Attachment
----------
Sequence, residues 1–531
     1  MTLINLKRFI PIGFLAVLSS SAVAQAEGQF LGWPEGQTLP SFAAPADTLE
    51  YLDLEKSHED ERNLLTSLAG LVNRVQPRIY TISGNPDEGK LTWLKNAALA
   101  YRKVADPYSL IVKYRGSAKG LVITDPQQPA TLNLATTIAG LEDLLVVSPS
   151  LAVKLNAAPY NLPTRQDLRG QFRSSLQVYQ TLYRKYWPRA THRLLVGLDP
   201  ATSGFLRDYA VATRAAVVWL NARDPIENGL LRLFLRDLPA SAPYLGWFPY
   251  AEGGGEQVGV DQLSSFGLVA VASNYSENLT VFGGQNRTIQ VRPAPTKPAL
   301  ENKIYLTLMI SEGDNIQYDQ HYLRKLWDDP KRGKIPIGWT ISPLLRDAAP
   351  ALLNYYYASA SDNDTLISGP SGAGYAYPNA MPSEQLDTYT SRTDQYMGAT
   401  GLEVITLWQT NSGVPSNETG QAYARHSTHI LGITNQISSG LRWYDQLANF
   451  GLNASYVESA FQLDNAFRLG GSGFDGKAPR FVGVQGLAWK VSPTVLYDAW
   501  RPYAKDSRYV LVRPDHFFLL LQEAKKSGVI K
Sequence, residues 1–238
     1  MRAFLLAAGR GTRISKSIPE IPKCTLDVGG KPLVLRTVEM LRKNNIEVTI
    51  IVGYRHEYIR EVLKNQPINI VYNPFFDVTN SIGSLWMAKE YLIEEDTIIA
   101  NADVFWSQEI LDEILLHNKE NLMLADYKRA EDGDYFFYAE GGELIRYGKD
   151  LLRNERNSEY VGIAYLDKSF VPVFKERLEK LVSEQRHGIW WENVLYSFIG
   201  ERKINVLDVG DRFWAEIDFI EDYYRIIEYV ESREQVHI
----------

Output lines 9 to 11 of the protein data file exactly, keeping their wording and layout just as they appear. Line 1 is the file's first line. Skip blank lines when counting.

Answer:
   351  ALLNYYYASA SDNDTLISGP SGAGYAYPNA MPSEQLDTYT SRTDQYMGAT
   401  GLEVITLWQT NSGVPSNETG QAYARHSTHI LGITNQISSG LRWYDQLANF
   451  GLNASYVESA FQLDNAFRLG GSGFDGKAPR FVGVQGLAWK VSPTVLYDAW